- to talk foolishly; blather: He's blithering about some problem of his.
Origin of blither
- joyous, merry, or happy in disposition; glad; cheerful: Everyone loved her for her blithe spirit.
- without thought or regard; carefree; heedless: a blithe indifference to anyone's feelings.
Origin of blithe
SynonymsSee more synonyms for blithe on Thesaurus.com
Examples from the Web for blither
And the blither the tune the heavier it seemed to make my heart.The Prairie Mother
If he was to blither, it was only fair that she should bleat back.Tea-Table Talk
Jerome K. Jerome
He is blither and at the same time he is more solemnly abstracted.The Prairie Child
Im sure theres no a blither, bonnier quean in a the kintra side.The Entail
You got left out of his will, m'sieu', you talk as if he was all right—that's blither.Carnac's Folly, Complete
- very happy or cheerful
- heedless; casual and indifferent
Word Origin and History for blither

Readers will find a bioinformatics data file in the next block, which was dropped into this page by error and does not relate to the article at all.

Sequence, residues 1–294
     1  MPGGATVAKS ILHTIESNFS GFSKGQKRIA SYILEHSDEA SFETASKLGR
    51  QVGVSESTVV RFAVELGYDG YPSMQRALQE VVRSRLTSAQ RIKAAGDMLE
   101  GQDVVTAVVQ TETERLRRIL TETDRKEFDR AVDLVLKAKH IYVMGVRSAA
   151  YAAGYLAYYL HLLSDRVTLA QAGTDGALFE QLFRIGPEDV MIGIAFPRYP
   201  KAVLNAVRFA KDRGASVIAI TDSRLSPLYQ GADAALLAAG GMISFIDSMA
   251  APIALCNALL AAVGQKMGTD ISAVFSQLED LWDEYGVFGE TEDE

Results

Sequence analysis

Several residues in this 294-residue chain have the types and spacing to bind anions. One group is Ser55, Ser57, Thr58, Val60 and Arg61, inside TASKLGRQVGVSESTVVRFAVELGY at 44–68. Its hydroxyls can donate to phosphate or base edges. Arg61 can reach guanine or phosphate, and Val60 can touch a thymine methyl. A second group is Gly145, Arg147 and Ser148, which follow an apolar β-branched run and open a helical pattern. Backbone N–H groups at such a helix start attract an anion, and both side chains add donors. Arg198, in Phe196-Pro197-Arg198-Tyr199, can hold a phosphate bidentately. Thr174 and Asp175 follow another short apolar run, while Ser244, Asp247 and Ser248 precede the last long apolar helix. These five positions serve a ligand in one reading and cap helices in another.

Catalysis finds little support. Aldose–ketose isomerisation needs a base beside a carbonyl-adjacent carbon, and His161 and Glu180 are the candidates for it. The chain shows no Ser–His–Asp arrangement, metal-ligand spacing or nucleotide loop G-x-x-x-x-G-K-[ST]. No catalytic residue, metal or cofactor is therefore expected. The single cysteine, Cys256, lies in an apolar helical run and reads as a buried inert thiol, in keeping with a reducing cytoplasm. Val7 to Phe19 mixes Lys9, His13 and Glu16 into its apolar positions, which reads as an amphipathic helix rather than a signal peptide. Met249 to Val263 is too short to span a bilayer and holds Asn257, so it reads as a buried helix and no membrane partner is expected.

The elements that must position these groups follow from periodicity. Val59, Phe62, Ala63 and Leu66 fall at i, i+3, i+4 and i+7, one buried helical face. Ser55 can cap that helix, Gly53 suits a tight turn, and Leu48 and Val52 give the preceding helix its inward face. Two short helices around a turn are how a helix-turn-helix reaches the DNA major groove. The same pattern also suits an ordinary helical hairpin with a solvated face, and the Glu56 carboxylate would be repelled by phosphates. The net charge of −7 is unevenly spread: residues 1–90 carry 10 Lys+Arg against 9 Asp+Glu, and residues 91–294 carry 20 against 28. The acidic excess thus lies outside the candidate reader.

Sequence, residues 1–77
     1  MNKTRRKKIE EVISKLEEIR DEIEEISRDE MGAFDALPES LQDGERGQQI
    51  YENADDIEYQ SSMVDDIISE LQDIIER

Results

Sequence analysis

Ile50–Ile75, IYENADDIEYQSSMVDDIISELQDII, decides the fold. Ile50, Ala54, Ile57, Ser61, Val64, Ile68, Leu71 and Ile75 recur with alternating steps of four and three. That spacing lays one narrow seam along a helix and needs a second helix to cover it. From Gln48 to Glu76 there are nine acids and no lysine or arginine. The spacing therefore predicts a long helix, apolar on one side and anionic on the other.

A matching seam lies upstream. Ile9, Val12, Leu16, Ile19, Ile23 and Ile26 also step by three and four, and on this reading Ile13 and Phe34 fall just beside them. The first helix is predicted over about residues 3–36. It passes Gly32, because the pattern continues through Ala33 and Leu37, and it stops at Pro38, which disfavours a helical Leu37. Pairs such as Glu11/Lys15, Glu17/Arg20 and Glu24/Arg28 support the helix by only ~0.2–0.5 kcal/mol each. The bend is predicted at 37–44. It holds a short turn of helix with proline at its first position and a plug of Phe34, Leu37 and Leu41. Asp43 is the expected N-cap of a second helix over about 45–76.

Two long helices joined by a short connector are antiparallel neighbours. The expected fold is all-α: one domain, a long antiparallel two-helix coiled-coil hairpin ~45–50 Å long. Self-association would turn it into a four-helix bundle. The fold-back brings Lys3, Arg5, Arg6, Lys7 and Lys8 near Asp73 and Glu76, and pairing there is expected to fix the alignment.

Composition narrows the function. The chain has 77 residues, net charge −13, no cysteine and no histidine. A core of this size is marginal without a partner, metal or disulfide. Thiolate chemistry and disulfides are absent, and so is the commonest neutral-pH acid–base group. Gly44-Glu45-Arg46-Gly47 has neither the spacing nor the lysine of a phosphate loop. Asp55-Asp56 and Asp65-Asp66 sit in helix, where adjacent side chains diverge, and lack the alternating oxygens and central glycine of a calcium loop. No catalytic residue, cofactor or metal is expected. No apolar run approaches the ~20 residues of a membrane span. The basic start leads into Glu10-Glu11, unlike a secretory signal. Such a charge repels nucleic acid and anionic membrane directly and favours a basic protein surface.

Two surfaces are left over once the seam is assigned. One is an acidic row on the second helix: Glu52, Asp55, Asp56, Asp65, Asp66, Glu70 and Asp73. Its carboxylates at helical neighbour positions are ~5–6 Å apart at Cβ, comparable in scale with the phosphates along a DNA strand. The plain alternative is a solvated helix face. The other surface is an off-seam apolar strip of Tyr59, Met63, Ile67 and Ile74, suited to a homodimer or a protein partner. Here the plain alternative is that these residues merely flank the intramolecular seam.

Old English bliþe "joyous, kind, cheerful, pleasant," from Proto-Germanic *blithiz "gentle, kind" (cf. Old Saxon bliði "bright, happy," Middle Dutch blide, Dutch blijde, Old Norse bliðr "mild, gentle," Old High German blidi "gay, friendly," Gothic bleiþs "kind, friendly, merciful").
Rare since 16c. No cognates outside Germanic. "The earlier application was to the outward expression of kindly feeling, sympathy, affection to others, as in Gothic and ON.; but in OE. the word had come more usually to be applied to the external manifestation of one's own pleased or happy frame of mind, and hence even to the state itself." [OED]